Overall, it was stated that “the FCA likes to hear from its brokers”. Therefore, firms that have limited correspondence with them, may be targeted for reviews.

 

What’s new with EMIR?

With MIFID II in effect, it seems like EMIR is ‘so 2017’. But, it’s an evolving and mature regulation. Since going live in 2014, there have been two updates to the reporting format. Currently, two main items ESMA and regulators are reviewing is data quality and fines.

With multiple years of EMIR reporting, there is an expectation of improved data quality from reports. This includes trade reconciliation between counterparties that should match, using correct data for reports and reporting all relevant information.

It is expected that investment firms reporting under EMIR conduct internal reviews to ensure that all of their trades are in fact reported and correctly. In addition, firms should periodically review match reports of trades conducted by their counterparties to ensure that both sides are reporting similar data.

When BAML was fined £34.5 million by the FCA last year, they were on the book for having a systematic failure that caused many ETD trades not to be reported. As such, it is believed that the FCA is looking into other cases where firms have a reporting gap which could lead to additional fines this year.

 

MiFID II in H2 2018

During the event, it was discussed that there has been an unofficial six months ‘grace period’ by the FCA. Due to the complexities of MiFID II, the regulator was more focused on making sure that firms were reporting than diving into the details of the submissions. However, at the event, it was explained that the current belief is that in H2, the FCA is analyzing deeper into firm by firm reports.

The ending grace period was the highlight of points during the MiFID II update from Duff & Phelps. Other updates included:

LEI – It was pointed out that the ESMA delay on requirements to obtain LEIs from clients had expired. Therefore, firms must ensure that their entity counterparties have an LEI in place before conducting further transactions with them (more on the LEI delay expiration)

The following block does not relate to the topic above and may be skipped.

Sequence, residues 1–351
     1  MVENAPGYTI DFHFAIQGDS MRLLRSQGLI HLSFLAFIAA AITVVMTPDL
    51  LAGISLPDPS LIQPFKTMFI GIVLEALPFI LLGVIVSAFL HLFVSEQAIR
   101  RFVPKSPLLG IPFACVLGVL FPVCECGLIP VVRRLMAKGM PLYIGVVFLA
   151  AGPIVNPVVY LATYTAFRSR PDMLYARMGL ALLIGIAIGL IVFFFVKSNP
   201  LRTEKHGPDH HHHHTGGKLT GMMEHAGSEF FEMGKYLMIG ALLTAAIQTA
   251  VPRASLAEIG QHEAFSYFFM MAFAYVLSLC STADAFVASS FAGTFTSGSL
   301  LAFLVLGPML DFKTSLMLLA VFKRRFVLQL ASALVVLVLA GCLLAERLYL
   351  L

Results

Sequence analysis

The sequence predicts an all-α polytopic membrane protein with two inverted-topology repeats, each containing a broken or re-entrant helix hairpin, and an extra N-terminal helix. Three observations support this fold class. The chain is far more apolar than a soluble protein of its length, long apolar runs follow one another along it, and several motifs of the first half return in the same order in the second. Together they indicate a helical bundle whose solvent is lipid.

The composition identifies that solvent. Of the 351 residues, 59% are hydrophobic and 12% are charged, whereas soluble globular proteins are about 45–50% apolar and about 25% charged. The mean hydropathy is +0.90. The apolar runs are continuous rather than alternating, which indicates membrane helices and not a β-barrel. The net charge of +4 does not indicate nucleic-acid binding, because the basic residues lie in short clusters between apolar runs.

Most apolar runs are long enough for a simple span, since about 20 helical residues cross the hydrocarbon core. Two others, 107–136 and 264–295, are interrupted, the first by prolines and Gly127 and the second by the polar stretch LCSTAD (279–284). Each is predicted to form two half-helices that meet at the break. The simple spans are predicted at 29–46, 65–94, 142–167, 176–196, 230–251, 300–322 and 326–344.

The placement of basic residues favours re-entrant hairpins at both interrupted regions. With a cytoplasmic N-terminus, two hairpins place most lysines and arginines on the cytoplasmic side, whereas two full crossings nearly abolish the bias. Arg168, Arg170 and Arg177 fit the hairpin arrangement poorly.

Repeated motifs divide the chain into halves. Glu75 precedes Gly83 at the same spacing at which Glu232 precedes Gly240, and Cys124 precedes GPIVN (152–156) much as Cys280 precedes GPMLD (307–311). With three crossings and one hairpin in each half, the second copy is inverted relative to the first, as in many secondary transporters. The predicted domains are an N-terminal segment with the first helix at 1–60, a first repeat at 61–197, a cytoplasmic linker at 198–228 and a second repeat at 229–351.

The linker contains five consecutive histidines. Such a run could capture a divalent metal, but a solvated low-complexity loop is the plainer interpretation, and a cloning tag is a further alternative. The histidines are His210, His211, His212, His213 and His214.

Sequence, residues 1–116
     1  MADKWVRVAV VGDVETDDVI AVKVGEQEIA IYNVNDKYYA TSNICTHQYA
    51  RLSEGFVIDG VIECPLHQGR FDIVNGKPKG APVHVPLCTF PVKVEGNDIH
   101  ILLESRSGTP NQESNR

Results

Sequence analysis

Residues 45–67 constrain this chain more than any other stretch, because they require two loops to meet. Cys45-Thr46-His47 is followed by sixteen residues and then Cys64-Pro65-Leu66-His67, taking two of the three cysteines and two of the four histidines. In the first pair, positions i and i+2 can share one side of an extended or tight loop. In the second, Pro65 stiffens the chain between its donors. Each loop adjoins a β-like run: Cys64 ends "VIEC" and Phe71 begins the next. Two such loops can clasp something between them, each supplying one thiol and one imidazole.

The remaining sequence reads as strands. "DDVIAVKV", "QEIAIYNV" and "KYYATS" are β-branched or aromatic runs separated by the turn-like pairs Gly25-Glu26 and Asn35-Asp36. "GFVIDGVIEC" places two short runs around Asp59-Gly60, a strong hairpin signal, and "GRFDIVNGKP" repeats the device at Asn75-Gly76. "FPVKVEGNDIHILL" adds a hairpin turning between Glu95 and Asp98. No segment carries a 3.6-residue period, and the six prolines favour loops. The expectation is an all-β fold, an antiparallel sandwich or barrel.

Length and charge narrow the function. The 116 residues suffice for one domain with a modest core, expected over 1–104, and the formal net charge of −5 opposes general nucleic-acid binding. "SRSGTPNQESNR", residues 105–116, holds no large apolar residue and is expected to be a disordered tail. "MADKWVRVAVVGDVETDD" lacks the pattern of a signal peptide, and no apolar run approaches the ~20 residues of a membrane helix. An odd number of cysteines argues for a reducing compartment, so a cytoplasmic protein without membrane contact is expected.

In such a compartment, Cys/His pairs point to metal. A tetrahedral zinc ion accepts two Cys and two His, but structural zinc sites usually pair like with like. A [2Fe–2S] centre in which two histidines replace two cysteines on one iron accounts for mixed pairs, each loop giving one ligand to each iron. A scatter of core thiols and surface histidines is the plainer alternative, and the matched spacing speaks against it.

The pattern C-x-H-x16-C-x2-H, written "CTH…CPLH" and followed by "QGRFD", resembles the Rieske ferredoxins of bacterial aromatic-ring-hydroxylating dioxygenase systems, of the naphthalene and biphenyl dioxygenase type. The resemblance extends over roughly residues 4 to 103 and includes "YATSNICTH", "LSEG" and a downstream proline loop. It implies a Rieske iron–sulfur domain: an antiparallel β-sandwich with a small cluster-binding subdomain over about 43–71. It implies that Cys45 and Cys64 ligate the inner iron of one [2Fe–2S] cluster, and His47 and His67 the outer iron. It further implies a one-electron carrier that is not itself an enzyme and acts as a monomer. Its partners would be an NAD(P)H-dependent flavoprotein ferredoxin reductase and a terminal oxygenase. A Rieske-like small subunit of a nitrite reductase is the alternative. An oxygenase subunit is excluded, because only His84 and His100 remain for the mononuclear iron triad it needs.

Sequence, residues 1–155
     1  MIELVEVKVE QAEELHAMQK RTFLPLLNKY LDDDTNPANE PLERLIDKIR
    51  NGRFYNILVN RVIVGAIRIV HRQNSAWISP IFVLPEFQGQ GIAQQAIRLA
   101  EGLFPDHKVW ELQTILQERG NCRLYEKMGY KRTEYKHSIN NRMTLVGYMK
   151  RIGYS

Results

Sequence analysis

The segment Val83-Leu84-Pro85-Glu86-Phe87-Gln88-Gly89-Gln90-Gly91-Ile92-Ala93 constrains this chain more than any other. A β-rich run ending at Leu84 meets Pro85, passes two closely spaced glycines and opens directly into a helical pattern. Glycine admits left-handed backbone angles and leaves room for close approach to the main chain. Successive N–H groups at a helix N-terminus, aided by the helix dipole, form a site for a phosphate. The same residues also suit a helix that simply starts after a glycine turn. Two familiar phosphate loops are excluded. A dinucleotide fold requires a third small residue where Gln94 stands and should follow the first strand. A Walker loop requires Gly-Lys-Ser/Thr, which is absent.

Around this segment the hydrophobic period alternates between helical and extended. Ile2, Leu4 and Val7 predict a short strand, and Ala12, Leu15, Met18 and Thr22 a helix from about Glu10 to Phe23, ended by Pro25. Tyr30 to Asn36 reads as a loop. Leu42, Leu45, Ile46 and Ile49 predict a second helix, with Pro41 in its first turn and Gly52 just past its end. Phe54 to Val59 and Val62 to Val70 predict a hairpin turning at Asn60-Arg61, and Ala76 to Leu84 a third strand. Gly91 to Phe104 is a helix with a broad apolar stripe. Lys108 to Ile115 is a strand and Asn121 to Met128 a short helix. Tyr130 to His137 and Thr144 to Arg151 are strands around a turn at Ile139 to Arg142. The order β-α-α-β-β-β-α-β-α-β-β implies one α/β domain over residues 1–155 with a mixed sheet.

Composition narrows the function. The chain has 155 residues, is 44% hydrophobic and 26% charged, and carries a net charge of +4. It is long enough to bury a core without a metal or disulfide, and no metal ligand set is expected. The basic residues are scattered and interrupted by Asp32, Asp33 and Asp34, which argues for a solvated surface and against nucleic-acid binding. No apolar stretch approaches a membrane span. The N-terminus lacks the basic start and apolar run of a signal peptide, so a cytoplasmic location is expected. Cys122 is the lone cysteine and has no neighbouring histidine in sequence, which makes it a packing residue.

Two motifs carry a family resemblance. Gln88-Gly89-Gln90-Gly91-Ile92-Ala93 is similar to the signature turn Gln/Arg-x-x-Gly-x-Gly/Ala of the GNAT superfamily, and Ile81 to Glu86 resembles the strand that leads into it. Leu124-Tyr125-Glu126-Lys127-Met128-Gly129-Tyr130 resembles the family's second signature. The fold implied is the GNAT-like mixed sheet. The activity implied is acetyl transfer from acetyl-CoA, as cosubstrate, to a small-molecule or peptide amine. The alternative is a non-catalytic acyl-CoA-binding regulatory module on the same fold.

ISINs – ISIN creation continues to be a problem in the market. Even when they are created in time, regulator databases of ISIN may not be updated to satisfy T+1 reports of new products. Therefore, firms are experiencing report breaches of being unable to report trades on time.

In this regard, it was advised that if a firm believes a product is reportable, then they should report it. Therefore, the FCA advises firms to continue to periodically resubmit MIFIR reports that were rejected because of an incorrect ISIN until the submission is approved.

Trade vs Fill level – One of the problems specifically affecting the asset management sector is whether to report on a ‘fill’ or ‘trade’ level. Many OMS systems don’t aggregate all fill information of an order and only show the aggregated trade information of the average price. Even when fill information is available, it may not be in a format suitable for easily creating MiFIR reports. Due to this problem, and ambiguity of the reporting requirements, the asset management sector has been pushing for clarification on the correct standards.

At the event it was explained that the fill vs trade issue is on the FCA’s radar. However, they have yet to make any updates to their Market Watch 55 report that they published in December 2017. At the time, their opinion was that it depended on the confirmations received by a firm’s counterparty. If the counterparty bank or brokers confirmed individual executions, then they should be reported individually. On the other hand, if the counterparty sends confirmations for the entire trade, than firms can report a single line for the entire trade block.

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Written By

Ron Finberg

Ron Finberg

Arriving to Cappitech with a journalist background, one of my goals with the Cappitech Blog is to simplify Financial Regulation.